73.39 ± 0.72
90.62 ± 0.75
105.45 ± 0.87
0.86 ± 0.01
31.63 ± 0.36
21.21 ± 0.20
13.05 ± 0.71
23.75 ± 0.65
26.31 ± 0.95
28.98 ± 1.01
0.56 ± 0.02
6.59 ± 0.20
26.43 ± 0.33
44.08 ± 0.61
46.25 ± 0.49
33.08 ± 0.36
12.32 ± 0.21
46.38 ± 0.46
5.54 ± 0.06
1.51 ± 0.03
25.46 ± 0.28
7.12 ± 0.09
2.13 ± 0.03
0.013
0.248
0.073
0.699
0.000
0.039
0.000
0.000
0.001
0.005
0.000
0.110
0.367
0.058
0.016
0.017
0.057
0.046
0.553
0.816
0.016
0.020
0.105
Data are presented as mean ± s.e.d. BMI: body mass index, WHR: waist to hip ratio. VA: visceral area, SA: subcutaneous area. Bold characters
indicate significant differences between groups with P ) 0.05. Multivariate lineal analysis was controlled for BMI (body mass index) and total
body fat (%).
The partial correlation analysis also revealed negative correlations between VA/SApredicted and truncal fat,
regional fat and muscular mass. These results support
the fact that women tend to gain more subcutaneous fat
in the abdominal region. This observation is consistent
with others that states that premenopausal20 premenopausal21 and postmenopausal22 women have more
abdominal subcutaneous adipose tissue than men.
The utilization of the predictive equation proposed
by Garaulet et al. (2006) may have some advantages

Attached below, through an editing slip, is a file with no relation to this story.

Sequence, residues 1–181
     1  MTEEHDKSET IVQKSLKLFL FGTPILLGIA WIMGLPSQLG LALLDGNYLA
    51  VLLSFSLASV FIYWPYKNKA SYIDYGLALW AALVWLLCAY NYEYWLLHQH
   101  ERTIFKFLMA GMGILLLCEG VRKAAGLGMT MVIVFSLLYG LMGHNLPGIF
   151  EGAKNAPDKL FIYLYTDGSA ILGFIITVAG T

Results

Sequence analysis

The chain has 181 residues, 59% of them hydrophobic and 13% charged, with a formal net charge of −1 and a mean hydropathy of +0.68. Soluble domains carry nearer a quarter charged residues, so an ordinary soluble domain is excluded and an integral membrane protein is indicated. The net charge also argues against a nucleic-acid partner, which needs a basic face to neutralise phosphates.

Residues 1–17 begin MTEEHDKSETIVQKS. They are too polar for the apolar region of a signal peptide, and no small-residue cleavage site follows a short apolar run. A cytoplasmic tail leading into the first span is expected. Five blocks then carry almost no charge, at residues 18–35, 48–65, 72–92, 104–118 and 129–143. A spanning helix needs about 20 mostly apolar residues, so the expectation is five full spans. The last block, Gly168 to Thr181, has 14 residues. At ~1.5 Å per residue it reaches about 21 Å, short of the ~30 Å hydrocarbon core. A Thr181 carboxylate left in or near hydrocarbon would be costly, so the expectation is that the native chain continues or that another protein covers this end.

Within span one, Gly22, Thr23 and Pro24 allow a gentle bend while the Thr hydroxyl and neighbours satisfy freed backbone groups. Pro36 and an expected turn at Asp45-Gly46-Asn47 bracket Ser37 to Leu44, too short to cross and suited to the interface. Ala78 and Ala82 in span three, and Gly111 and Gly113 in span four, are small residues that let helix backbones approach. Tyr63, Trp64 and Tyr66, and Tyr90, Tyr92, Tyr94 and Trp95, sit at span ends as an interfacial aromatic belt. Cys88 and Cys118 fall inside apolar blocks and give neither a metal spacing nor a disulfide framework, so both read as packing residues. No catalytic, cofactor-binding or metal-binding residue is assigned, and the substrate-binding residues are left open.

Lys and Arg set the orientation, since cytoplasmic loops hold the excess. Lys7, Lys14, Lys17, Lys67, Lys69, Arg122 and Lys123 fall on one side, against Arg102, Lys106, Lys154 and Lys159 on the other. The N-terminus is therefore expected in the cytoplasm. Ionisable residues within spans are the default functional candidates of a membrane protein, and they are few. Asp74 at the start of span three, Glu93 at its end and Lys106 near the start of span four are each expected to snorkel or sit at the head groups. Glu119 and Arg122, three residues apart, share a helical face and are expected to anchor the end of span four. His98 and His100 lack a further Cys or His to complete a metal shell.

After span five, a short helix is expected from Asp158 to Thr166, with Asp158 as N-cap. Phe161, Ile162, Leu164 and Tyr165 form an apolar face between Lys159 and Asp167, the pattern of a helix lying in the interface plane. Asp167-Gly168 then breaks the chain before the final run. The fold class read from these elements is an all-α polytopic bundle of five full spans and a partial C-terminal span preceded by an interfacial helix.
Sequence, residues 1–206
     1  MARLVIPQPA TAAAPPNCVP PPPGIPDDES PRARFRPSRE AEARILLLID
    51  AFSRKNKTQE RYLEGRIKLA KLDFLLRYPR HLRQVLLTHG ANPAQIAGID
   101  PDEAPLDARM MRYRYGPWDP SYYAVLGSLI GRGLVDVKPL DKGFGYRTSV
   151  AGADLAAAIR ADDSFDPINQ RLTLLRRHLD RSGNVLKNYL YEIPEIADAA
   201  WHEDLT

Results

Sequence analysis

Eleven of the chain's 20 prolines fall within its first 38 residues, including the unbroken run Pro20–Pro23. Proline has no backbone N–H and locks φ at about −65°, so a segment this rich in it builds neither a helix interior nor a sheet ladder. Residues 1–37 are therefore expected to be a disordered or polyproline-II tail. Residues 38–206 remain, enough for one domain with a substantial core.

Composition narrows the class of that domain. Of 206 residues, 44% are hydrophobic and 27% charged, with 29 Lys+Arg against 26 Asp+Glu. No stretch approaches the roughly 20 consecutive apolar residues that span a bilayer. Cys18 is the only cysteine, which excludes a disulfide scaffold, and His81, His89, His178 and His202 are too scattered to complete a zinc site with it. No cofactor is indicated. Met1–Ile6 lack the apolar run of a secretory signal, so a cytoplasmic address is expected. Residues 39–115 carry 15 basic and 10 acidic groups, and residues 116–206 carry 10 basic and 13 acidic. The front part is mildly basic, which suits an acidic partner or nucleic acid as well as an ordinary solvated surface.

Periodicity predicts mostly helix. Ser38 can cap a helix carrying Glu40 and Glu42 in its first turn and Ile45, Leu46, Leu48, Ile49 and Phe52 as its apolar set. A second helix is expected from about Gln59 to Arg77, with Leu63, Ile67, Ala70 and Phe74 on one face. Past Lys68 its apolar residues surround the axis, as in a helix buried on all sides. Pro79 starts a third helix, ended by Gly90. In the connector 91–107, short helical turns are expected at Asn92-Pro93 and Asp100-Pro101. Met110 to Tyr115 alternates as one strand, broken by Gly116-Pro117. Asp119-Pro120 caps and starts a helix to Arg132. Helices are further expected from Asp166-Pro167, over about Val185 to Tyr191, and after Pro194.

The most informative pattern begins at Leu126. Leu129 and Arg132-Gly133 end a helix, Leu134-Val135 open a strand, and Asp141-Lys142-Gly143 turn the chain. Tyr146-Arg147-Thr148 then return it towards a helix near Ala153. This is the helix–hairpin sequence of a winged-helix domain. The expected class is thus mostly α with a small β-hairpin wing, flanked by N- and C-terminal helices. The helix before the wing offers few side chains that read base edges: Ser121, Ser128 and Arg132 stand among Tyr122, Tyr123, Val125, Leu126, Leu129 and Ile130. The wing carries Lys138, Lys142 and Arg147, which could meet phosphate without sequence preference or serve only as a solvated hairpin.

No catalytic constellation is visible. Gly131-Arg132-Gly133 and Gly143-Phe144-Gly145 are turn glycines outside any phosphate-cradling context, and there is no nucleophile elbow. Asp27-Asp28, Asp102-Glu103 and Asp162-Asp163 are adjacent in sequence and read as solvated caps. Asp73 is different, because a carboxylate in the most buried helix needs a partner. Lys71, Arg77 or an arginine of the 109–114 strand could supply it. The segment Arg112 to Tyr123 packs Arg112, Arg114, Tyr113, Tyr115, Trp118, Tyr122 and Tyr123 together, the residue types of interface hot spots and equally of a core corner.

over M-BIA, especially if modern equipments of MBIA are not available in the daily practice. However,
some limitations may be taken into account. One of
the key issues is how the triceps skinfold, a negative
component of the equation, affects the values of
VA/SA predicted. Our results showed that the visceral
group (VA/SApredicted * 0.42) had significantly less
weight and truncal fat (% respect to total fat) than the
subcutaneous group. These results could be explained
by significantly fewer values of triceps in the women
classified as visceral group compared with those clas-
Study and classification of the abdominal
adiposity
sified in the subcutaneous group (Table 2). This skinfold has been shown to be highly correlated to total
body fat in different population groups22,23 groups,23,24
and was correlated to subcutaneous fat in the previous
study of Garaulet et al.8 In this case, the triceps skinfold is diving women according to the % of body fat.
On the other hand, the predictive equation was validated in obese women, while women in the present
study presented overweight, although both population had a wide range of BMI and % total body fat. To
avoid the influence of obesity degree, the statistical
analyses were controlled for both variables.
In summary, the predictive equation proposed by
Garaulet et al. (2006) has satisfactorily classified overweight women with a subcutaneous distribution of the
abdominal fat, and the results showed good agreement
with the visceral index and other variables derived
from M-BIA. The predictive equation is useful in the
clinical practice and can be applied without any other
method or equipment to obtain an accurate, costless
and safe classification of the obese patients.
Nutr Hosp. 2010;25(2):270-274
273
Table II
Partical correlation coefficients for the independent
association between VA/SA predicted and total